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, 128 (6), 1231-45

Analysis of the Vertebrate Insulator Protein CTCF-binding Sites in the Human Genome


Analysis of the Vertebrate Insulator Protein CTCF-binding Sites in the Human Genome

Tae Hoon Kim et al. Cell.


Insulator elements affect gene expression by preventing the spread of heterochromatin and restricting transcriptional enhancers from activation of unrelated promoters. In vertebrates, insulator's function requires association with the CCCTC-binding factor (CTCF), a protein that recognizes long and diverse nucleotide sequences. While insulators are critical in gene regulation, only a few have been reported. Here, we describe 13,804 CTCF-binding sites in potential insulators of the human genome, discovered experimentally in primary human fibroblasts. Most of these sequences are located far from the transcriptional start sites, with their distribution strongly correlated with genes. The majority of them fit to a consensus motif highly conserved and suitable for predicting possible insulators driven by CTCF in other vertebrate genomes. In addition, CTCF localization is largely invariant across different cell types. Our results provide a resource for investigating insulator function and possible other general and evolutionarily conserved activities of CTCF sites.


Figure 1
Figure 1. Chromosomal distribution of CTCF binding sites
(a) ChIP-chip analysis results for IGF2/H19 locus are shown. (b) A view of the CTCF binding at the H19/IGF2 imprint control region. (c) Correlation analysis of number of CTCF, ER and p53 binding sites with gene number on each chromosome. (d) Correlation analysis of number of CTCF, ER and p53 binding sites with the length of each chromosome.
Figure 2
Figure 2. Distribution of CTCF binding sites relative to genes
(a) A chromosomal view of the gene and CTCF binding site density of chromosome 11 is shown. Arrows indicate regions within the chromosome where overall correlation of CTCF binding sites and gene number deviate from the average. (b) A histogram summarizing the distribution of CTCF relative to the 5′ end of Known Genes. (c) A pie chart of CTCF binding sites mapping to exons, introns, promoters (within 2.5 Kb of the start sites), and intergenic regions of the genome. (d) Depletion of CTCF binding sites at clusters of related genes. A cluster of olfactory receptor (OR) genes is bounded by a pair of CTCF binding sites, indicated by a long red vertical lines. (e) An example of CTCF binding sites punctuating the alternate promoters in the protocadherin gamma locus. Red vertical lines indicate CTCF binding sites. The blue bars within the top panel show the relative expression of probes that map to the locus. The width of each bar represents the length of each gene.
Figure 3
Figure 3. CTCF binding sites are characterized by a 20-mer motif
(a) DNA logo (Workman et al., 2005) representing the CTCF binding motif defined from ChIP-on-chip experiment and the previously reported consensus CTCF binding sites (Bell and Felsenfeld, 2000) are shown. Height of each letter represents the relative frequency of occurrence of the nucleotide at each position. (b) Distribution of high scoring motifs within the experimentally defined CTCF binding sites. Yellow horizontal lines represent each CTCF binding site, and short blue lines represent the position of a high scoring 20-mer motif found within the CTCF binding sites. (c) EMSA results for 12 CTCF (WT) and the corresponding shuffled (SH) probes (Supplemental Table 7) showing that 11 of 12 motifs found within the CTCF binding sites are specifically recognized by recombinant CTCF protein.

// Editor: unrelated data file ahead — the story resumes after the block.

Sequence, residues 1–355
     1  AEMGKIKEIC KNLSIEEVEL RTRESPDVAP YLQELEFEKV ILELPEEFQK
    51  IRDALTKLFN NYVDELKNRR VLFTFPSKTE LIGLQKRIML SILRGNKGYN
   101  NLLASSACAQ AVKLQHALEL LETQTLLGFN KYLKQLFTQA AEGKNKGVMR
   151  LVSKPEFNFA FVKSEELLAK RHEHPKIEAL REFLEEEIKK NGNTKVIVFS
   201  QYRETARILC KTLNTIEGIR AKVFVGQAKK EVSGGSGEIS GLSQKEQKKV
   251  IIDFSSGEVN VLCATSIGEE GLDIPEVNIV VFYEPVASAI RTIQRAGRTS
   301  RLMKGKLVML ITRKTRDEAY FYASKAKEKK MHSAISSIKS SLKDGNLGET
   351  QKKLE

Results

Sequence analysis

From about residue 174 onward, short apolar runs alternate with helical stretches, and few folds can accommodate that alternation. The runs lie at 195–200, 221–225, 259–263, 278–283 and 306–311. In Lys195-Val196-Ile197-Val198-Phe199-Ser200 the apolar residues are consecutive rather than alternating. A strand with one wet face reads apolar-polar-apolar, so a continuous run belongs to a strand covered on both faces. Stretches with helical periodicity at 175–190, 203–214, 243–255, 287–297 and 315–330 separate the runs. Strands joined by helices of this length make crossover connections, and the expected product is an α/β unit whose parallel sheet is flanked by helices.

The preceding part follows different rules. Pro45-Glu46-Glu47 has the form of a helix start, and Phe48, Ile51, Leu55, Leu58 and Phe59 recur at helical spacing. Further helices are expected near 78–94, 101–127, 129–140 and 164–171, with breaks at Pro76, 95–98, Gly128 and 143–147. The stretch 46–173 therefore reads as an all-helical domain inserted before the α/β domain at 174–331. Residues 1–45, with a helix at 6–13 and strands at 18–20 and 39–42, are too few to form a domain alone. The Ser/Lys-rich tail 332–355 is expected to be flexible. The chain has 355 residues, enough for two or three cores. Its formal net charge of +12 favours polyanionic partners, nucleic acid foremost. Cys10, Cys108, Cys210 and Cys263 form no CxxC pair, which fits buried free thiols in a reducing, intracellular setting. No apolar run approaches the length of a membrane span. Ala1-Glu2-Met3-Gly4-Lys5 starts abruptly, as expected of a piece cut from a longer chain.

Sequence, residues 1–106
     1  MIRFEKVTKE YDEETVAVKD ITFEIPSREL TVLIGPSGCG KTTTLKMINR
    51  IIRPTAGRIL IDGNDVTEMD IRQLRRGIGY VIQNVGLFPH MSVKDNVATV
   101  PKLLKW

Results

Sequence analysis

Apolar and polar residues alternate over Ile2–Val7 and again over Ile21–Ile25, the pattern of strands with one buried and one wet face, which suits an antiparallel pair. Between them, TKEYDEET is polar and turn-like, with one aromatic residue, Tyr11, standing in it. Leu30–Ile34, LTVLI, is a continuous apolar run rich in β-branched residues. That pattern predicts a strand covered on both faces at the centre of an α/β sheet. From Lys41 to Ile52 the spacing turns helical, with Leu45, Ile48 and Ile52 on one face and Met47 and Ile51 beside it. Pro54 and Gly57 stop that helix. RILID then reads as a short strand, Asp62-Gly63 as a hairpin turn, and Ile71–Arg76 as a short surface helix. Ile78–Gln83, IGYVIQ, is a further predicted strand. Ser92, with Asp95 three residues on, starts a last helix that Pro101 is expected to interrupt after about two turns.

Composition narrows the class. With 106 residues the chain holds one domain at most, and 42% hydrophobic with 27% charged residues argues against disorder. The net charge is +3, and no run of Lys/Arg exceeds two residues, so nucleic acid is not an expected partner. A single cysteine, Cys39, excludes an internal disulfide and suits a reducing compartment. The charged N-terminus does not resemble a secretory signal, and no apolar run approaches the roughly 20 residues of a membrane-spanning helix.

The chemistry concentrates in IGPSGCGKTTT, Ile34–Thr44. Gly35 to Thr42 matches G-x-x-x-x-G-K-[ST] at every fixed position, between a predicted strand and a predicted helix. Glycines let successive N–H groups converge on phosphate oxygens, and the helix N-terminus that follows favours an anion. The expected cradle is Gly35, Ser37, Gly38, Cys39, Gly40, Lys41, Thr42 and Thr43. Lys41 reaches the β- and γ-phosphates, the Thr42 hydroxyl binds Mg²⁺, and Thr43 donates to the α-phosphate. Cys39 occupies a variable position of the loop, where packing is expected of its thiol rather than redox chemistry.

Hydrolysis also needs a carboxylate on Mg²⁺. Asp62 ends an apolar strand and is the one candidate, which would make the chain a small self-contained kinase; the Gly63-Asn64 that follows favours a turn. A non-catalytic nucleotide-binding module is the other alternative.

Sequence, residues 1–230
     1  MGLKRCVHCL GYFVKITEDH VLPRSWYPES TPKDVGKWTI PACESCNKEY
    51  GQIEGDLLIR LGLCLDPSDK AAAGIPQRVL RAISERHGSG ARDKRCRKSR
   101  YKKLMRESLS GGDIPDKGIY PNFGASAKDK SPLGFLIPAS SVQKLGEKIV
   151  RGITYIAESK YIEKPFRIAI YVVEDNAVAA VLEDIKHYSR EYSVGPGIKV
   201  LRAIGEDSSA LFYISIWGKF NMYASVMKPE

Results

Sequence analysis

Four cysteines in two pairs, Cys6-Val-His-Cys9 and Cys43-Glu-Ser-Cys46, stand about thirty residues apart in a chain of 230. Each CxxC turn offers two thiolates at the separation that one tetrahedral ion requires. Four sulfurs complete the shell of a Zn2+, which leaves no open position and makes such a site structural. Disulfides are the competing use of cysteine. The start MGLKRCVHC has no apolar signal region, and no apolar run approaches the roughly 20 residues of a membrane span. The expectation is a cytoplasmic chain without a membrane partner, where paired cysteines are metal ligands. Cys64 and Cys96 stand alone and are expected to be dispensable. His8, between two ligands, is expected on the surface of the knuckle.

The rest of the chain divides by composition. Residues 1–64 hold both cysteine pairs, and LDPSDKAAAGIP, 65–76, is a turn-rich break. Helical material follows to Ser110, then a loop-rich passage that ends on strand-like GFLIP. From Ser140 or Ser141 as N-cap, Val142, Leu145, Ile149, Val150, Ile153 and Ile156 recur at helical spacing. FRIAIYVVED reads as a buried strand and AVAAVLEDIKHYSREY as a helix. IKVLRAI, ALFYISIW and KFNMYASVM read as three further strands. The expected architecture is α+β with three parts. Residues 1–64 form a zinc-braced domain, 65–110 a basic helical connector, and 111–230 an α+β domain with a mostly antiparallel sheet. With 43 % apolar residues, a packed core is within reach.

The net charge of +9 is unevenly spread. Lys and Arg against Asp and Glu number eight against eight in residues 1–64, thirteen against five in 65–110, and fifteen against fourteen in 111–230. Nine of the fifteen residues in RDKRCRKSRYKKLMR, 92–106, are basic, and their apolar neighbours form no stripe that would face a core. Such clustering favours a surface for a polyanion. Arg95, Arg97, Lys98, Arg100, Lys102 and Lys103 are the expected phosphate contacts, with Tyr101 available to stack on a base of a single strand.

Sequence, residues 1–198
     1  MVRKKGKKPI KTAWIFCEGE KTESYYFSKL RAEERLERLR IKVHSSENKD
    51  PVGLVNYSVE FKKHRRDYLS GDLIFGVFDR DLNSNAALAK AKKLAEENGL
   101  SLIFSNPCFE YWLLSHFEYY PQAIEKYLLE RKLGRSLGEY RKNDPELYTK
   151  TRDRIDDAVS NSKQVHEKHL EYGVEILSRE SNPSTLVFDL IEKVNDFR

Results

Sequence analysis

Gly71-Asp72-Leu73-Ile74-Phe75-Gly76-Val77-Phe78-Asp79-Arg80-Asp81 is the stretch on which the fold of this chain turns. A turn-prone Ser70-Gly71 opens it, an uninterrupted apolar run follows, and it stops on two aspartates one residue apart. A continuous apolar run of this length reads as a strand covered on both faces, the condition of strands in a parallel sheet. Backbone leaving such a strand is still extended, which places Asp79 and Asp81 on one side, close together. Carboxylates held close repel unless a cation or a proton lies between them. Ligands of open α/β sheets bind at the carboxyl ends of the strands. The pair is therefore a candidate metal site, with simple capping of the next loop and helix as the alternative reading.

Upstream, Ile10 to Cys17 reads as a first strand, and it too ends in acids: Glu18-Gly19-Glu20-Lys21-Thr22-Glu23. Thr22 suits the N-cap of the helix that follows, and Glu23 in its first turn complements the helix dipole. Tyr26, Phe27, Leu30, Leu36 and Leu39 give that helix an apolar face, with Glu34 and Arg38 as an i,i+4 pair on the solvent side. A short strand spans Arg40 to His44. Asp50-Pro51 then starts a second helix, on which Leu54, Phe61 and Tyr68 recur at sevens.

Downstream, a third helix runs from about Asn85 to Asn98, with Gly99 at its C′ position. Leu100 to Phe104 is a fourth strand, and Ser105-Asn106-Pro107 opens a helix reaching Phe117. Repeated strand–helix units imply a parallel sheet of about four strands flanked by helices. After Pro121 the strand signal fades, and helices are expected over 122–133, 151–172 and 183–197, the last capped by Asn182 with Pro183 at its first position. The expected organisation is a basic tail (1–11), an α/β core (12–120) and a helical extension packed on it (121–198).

Figure 4
Figure 4. CTCF recognition sites are highly conserved in other vertebrates
(a) Distribution of CTCF binding motifs found in other vertebrate genomes is compared to the frequency of a randomly shuffled CTCF motif in each genome. (b) Venn diagram of computationally predicted CTCF binding sites in the human genome that are conserved in other vertebrates. The alignments on the right are examples of how each motif with different levels of conservation aligns to the corresponding sequences in other species. (c) EMSA results for 2 CTCF (WT) binding sites predicted in the chicken genomes and the corresponding shuffled (SH) probes (Supplemental Table 9).
Figure 5
Figure 5. Comparison of CTCF binding in two cell types
(a) Representative view of CTCF binding in IMR90 and U937 cells within the ENCODE regions. The first panel lists all known genes within the region. The second and third panels show the CTCF binding data within the region for the IMR90 and U937 cells, respectively. The fourth panel shows the predicted CTCF binding sites based on 20-mer motif. (b) A Venn diagram showing the overlap of CTCF binding in IMR90 and U937 cells at the confidence level, P < 0.000001. (c) Validation of three cell type specific sites by quantitative real-time PCR (Supplemental Table 10).
Figure 6
Figure 6. CTCF binding site show a unique nucleotide change during evolution
Nucleotide changes observed within the mapped CTCF motifs in all available vertebrate genomes. Distribution of base changes observed in the CTCF binding sites are plotted along the 20-mer motif.

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